The aadhaara Shadja should also be held well and with firmness. Even if you are only able to intone the lower N D P in a soft manner, thats OK. But the taara Shadja is very important, it should be
held with strength and firmness.
singing svaras, i.e. kalpanaasvaras, you seem to have a unique style could you let us know about the evolution of your
Madurai Mani Iyer: Unique
style? Really not. Mazhavaraayanendal
Subbarama Bhagavatar used to sing svaras like this. When I was a student and
a novice performer, I have heard a lot of his music he used to sing svaras even for many rare raagas, his sarvalaghu manner of svara singing used to be very
good. I tried to sing like that and develop my svara singing, my style is a direct outgrowth of that.
for that information. In svara singing,
people sing tisram, misram, etc. what is your opinion on this arithmetic
Madurai Mani Iyer: As long as the raga bhaavam is not spoiled, there is nothing wrong in singing arithmetic swara prasthara with thisra, misra etc.
If the voice admits of this exercise, and if the arithmetic is also interesting, then
there is no problem at all. We can all be happy and enjoy.
People who are well-qualified only should attempt it. Everyone need not feel
a compulsion to engage in this. If we do arithmetic, troubling ourselves, losing raga bhaavam and losing the shruti also in the process, there is no point. The sukha bhaavam in the cutcheri would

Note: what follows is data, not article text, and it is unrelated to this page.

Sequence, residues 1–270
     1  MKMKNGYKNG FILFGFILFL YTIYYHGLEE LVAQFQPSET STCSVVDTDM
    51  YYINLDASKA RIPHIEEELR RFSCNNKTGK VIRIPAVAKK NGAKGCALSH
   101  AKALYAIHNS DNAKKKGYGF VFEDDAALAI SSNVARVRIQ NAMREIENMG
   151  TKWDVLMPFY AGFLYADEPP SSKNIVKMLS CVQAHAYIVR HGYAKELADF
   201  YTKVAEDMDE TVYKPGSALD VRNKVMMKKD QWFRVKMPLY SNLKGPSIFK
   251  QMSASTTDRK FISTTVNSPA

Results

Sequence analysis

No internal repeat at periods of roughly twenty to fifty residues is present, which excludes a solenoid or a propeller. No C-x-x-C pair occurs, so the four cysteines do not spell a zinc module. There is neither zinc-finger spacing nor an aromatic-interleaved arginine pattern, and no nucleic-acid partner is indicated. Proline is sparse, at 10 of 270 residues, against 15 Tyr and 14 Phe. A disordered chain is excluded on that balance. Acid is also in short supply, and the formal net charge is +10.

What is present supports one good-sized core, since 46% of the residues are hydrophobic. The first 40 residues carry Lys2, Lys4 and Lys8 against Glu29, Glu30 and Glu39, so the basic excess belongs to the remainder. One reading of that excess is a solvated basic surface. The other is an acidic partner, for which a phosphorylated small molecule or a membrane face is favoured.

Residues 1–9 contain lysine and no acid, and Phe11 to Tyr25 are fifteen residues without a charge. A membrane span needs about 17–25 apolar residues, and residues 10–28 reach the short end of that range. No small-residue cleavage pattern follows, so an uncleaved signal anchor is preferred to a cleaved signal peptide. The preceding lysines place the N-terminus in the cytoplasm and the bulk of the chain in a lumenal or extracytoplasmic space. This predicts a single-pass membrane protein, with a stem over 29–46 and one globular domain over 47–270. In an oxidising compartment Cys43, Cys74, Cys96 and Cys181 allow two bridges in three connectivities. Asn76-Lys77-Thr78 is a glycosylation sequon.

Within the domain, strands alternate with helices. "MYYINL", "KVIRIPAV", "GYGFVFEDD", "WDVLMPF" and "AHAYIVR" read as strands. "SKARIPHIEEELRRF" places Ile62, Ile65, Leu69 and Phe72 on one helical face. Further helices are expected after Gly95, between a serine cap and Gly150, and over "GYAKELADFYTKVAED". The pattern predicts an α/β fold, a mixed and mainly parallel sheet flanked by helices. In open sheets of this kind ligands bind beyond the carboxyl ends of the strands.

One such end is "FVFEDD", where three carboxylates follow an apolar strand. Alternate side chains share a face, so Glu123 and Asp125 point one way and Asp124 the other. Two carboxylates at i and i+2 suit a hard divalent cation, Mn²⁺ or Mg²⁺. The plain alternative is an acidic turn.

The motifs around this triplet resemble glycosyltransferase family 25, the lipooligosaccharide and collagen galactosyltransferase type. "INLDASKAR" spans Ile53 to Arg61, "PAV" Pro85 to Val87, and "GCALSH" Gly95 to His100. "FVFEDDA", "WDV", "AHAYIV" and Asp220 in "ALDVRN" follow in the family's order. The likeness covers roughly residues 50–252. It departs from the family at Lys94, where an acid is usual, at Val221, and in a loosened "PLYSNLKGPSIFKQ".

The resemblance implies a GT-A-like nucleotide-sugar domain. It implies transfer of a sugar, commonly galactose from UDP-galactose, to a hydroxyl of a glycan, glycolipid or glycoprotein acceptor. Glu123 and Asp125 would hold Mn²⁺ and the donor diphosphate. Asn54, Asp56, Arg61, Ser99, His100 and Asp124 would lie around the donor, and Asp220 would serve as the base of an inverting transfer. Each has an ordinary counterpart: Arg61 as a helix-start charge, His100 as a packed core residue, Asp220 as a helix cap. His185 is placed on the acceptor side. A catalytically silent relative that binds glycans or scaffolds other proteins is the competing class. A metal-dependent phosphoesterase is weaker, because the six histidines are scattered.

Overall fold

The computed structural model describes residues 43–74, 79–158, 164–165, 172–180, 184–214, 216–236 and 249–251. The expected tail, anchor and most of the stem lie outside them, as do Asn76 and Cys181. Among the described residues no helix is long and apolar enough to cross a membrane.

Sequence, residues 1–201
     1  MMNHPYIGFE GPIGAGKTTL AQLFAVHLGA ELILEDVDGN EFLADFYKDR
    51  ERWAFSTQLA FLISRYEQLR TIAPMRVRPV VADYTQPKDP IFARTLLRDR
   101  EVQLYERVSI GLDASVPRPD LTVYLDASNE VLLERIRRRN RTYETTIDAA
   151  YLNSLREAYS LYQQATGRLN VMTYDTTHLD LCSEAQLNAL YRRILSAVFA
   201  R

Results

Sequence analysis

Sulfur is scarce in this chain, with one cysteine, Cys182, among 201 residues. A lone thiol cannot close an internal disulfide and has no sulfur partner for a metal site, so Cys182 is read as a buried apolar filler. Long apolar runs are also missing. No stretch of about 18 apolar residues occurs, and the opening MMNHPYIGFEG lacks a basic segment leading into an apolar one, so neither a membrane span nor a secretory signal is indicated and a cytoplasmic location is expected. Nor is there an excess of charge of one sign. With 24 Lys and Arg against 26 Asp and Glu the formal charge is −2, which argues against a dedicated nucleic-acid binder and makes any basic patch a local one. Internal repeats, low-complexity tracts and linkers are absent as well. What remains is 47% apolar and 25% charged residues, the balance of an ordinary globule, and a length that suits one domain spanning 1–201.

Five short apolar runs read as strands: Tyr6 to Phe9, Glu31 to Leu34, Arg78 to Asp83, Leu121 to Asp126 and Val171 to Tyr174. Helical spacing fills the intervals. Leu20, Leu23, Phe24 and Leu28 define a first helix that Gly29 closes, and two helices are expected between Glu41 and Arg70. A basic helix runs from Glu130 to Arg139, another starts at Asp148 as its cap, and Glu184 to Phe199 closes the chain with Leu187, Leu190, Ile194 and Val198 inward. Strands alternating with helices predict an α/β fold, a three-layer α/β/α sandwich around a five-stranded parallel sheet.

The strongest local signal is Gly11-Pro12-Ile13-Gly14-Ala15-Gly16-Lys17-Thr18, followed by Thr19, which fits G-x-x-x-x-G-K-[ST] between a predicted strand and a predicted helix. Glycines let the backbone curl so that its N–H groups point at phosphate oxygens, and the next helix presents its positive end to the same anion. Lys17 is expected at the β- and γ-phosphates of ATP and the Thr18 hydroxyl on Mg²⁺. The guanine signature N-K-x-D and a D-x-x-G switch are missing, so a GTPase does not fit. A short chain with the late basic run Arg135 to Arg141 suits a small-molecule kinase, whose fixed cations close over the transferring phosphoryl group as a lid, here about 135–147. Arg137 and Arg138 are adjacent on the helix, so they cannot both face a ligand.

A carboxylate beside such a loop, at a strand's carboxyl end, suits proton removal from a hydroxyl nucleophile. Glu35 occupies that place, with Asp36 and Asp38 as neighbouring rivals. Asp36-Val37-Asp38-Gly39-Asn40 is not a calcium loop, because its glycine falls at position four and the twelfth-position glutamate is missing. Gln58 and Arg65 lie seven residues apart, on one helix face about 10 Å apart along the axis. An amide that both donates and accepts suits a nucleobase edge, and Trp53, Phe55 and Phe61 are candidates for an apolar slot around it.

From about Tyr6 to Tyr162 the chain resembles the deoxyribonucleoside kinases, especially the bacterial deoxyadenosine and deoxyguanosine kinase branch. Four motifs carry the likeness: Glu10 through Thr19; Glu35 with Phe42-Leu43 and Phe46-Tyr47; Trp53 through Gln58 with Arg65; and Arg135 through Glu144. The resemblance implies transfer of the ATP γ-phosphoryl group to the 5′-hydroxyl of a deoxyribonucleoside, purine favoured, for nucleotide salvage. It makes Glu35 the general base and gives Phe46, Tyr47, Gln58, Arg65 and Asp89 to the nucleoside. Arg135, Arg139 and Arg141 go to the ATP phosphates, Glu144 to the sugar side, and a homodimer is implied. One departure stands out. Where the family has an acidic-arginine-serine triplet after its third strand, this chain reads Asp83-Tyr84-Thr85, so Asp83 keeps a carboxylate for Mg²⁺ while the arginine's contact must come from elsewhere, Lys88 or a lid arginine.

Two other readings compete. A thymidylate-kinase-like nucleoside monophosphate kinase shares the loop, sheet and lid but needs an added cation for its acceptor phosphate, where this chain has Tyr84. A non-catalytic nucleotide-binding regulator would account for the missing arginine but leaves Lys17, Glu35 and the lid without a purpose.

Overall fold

be lost. Without losing sight of the overall sukha bhaavam and the raaga bhaavam, when someone who is intelligent, has a strong memory and has had good association with laya vidvaans,
does this arithmetic, then we also can enjoy it and appreciate it.
A.I.R: What advice
do you have for the youngsters who are learning music and desire to perform, and
others who have just begun to perform ?
Madurai Mani Iyer: They
should hear many concerts of the senior vidvaans, ie the established vidvaans. Because, however much they are talented, since they lack the experience, their
music will not be sufficient or fulfilling. They should observe how the senior vidvaans make their concerts a success and
please all varieties of listeners, how they use their voices in a concert hall, how
they employ the various thick and thin shades in their voices, how they plan their concerts, these are all to be learnt only
by direct observation. It does not happen otherwise, however well one sings by themselves or practices their music.
They have to hear the senior vidvaans over and over again, no other way. But,
they dont have to imitate them. It will all jell together over time as they keep singing,
and hearing the senior vidvaans attentively.
They should pay sufficient attention to setting the shruti before singing.
They should give sufficient time to the accompanists to adjust their instruments to the shruti. Before proceeding to sing,
they should attune themselves to the shruti by intoning Sa-Pa-Sa in a manner audible just to themselves. Steadying themselves
thus, if they sing, there would be no problem. If in the midst of a concert, the shruti drifts, they should adjust
it properly and then only should continue. If the shruti wavers, sukha bhaavamm will be lost, the felicity will be lost. The more and more we are attuned to shruti, the easier the music will flow. Hence one must pay great attention to it.
very much for sharing your experiences and your pointers to all aspiring musicians.
Madurai Mani Iyer: Namaskaaram!